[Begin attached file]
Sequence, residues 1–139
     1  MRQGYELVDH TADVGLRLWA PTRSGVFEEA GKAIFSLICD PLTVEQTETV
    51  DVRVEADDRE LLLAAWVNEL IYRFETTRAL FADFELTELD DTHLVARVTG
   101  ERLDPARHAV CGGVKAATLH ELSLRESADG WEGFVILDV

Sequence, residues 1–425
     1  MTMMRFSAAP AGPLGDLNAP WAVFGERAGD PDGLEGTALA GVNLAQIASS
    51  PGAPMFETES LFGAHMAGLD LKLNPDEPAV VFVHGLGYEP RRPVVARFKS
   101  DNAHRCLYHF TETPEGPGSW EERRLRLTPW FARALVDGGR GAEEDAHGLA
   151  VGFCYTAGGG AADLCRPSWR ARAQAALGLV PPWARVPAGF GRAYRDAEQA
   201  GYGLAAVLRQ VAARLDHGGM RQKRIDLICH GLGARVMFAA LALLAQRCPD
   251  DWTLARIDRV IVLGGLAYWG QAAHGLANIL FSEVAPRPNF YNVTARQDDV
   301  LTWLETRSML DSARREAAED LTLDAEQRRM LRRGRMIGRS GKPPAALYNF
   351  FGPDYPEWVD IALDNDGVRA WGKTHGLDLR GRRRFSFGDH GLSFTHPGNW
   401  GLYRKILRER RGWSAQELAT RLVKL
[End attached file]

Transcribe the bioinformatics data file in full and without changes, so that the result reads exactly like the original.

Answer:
Sequence, residues 1–139
     1  MRQGYELVDH TADVGLRLWA PTRSGVFEEA GKAIFSLICD PLTVEQTETV
    51  DVRVEADDRE LLLAAWVNEL IYRFETTRAL FADFELTELD DTHLVARVTG
   101  ERLDPARHAV CGGVKAATLH ELSLRESADG WEGFVILDV

Sequence, residues 1–425
     1  MTMMRFSAAP AGPLGDLNAP WAVFGERAGD PDGLEGTALA GVNLAQIASS
    51  PGAPMFETES LFGAHMAGLD LKLNPDEPAV VFVHGLGYEP RRPVVARFKS
   101  DNAHRCLYHF TETPEGPGSW EERRLRLTPW FARALVDGGR GAEEDAHGLA
   151  VGFCYTAGGG AADLCRPSWR ARAQAALGLV PPWARVPAGF GRAYRDAEQA
   201  GYGLAAVLRQ VAARLDHGGM RQKRIDLICH GLGARVMFAA LALLAQRCPD
   251  DWTLARIDRV IVLGGLAYWG QAAHGLANIL FSEVAPRPNF YNVTARQDDV
   301  LTWLETRSML DSARREAAED LTLDAEQRRM LRRGRMIGRS GKPPAALYNF
   351  FGPDYPEWVD IALDNDGVRA WGKTHGLDLR GRRRFSFGDH GLSFTHPGNW
   401  GLYRKILRER RGWSAQELAT RLVKL